The death of Slobodan Milosevic, fittingly dubbed “the butcher of the Balkans”, has provoked much sanctimonious commentary. Some of this has been hypocritical, uttered by figures blind to Britain’s butchery in Iraq, and to that of its acolytes abroad, such as Israel’s Milosevic, Ariel Sharon.
We should spurn such selective moralising in favour of placing the bloody story of Milosevic in its proper context. Milosevic’s rise to power began during the crisis of the Stalinist model of one-party state control imposed on Eastern Europe after 1945.
Yugoslavian leader Tito’s looser version of this model began to crumble during the economic crises of the 1980s. At the International Monetary Fund’s insistence, the Yugoslav ruling class enforced a series of market based austerity measures that sparked spontaneous mass strikes by the country’s workers.
Milosevic emerged as the leader of a desperate but influential wing of the Serbian ruling class. He was ready to break with Titoism and use Serbian nationalism to divert workers’ anger. By leading a racist campaign against the Kosovo Albanians, Milosevic built a base to defeat his Titoist rivals.
Then he brought the mass strikes under control. As one commentator noted of a delegation of striking workers addressed by Milosevic, “They arrived as workers, but they left as Serbs.”
With left wing ideas discredited by their association with Stalinism, nationalism won the day. Milosevic was a nationalist because his head, rather than his heart, told him to be one.
What Milosevic did to restabilise ruling class power in Serbia destabilised Yugoslavia itself. Elsewhere, anti-Serb nationalists came to power.
In Croatia, Franjo Tudjman became president boasting that his wife was “neither a Jew nor a Serb” and a the rights of the Croatian Serb minority. In Bosnia, Alija Izetbegovic won power on a Bosnian Muslim nationalist platform.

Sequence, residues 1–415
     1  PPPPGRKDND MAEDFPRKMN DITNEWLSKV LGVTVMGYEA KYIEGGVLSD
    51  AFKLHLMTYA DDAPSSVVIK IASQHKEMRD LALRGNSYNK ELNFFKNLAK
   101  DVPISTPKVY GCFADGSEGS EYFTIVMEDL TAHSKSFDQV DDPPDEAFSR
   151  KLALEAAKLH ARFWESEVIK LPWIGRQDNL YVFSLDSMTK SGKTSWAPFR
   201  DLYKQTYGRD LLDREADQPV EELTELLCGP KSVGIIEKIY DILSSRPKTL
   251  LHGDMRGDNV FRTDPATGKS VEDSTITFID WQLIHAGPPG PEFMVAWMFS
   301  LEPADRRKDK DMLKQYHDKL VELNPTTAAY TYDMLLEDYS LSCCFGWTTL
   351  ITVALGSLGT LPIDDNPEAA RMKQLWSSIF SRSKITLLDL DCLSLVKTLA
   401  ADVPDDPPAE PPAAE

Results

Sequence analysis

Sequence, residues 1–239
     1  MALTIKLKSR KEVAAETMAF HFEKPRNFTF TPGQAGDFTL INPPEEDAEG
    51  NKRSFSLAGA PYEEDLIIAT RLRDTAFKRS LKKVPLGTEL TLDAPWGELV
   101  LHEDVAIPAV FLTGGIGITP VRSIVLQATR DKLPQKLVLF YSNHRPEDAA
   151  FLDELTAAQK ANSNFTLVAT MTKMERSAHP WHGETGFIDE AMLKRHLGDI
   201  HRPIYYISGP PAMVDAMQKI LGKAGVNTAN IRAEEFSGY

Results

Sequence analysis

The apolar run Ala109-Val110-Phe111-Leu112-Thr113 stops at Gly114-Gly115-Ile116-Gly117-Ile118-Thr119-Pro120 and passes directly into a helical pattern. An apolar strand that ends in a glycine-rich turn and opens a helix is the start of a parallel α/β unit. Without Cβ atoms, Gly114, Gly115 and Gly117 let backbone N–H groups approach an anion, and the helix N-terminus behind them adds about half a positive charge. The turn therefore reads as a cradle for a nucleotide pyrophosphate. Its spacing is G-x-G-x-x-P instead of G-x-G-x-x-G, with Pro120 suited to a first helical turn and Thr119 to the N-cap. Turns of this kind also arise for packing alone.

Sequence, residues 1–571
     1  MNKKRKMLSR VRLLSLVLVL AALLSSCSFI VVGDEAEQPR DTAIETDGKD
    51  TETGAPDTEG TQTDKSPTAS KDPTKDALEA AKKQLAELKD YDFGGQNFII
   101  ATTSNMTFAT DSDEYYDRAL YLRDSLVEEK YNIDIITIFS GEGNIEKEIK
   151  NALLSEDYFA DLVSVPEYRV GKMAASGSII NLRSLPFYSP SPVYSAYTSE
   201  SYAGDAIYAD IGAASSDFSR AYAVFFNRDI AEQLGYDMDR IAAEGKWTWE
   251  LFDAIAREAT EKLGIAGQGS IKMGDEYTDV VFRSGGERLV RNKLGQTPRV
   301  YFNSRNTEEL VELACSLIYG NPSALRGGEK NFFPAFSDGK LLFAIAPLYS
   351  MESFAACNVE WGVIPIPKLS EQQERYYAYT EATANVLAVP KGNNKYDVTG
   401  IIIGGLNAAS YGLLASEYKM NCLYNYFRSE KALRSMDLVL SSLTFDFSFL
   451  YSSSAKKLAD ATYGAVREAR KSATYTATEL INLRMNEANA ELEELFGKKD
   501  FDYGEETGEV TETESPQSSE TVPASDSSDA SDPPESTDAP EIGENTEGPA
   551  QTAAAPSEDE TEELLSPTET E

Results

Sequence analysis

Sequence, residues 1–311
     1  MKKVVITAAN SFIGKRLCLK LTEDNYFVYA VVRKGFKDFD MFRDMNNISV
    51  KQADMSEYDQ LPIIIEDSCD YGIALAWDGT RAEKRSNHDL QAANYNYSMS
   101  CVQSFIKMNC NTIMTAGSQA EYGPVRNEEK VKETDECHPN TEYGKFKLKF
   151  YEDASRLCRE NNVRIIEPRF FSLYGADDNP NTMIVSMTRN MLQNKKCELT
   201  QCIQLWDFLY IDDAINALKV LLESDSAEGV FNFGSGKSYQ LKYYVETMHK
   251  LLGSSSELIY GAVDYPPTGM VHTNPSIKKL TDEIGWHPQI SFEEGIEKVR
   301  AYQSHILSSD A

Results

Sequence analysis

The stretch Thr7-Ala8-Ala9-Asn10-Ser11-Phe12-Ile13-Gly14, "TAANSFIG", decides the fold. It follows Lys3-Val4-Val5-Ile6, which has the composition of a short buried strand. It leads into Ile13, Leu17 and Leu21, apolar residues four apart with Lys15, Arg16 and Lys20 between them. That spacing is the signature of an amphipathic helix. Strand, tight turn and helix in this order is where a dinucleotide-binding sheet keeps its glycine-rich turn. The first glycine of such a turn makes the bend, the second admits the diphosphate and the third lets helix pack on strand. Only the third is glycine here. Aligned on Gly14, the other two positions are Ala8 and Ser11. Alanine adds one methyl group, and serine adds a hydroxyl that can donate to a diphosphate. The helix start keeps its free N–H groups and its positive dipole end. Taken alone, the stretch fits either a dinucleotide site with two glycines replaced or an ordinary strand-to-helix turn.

The Croatian and Bosnian Muslim ruling classes contemplated secession from a Serb-controlled Yugoslavia in which their power would be curtailed. The Serbian ruling class feared that if the large Serb populations of Bosnia and Croatia were cut loose from Serbia, its power would be jeopardised.
The break up of Yugoslavia made war inevitable. All three sides were guilty of atrocities and ethnic cleansing, generally in proportion to the size and spread of their populations. So, the larger Serb population tended to commit more atrocities, followed by the Croats and the Bosnian Muslims.
That Milosevic was singled out for special attention by the West is only partly attributable to the fact that the Serbs committed more outrages.
It is primarily attributable to the fact that the West intervened in the war against Milosevic, for imperial reasons essentially unconnected with the rights and wrongs of the combatants.
Ivo Daalder, an adviser to then US president Bill Clinton, explained, “The war in Bosnia had profound implications for the Clinton administration’s Europe policy. So long as the war festered, it proved impossible to exploit the opportunities created by the collapse of Communism and the dissolution of the Soviet empire in Eastern Europe.”
Settling the Bosnian war was indispensable for the expansion of the US-dominated Nato organisation eastwards towards Russia. In the Balkans, the natural allies of the US were the Croats and Bosnian Muslims rather than the pro-Russian Serbs.
So the US bombed the Bosnian Serbs in 1995, giving Tudjman the green light to ethnically cleanse 200,000 Croatian Serbs. The US and Britain also backed the Kosovo Albanians and bombed Serbia in 1999. During the bombing, the Hague Tribunal indicted Milosevic.
This was hardly an impartial act, from a body that was never to indict Tudjman or Izetbegovic, let alone Blair or Clinton.
The final act of this drama was not the work of the West, the Hague or of Milosevic’s nationalist opponents. In October 2000, a revolution led by a mass uprising of Serbian workers overthrew him. This inspiring act of self-emancipation should be uppermost in our minds when we remember the butchery of Slobodan Milosevic.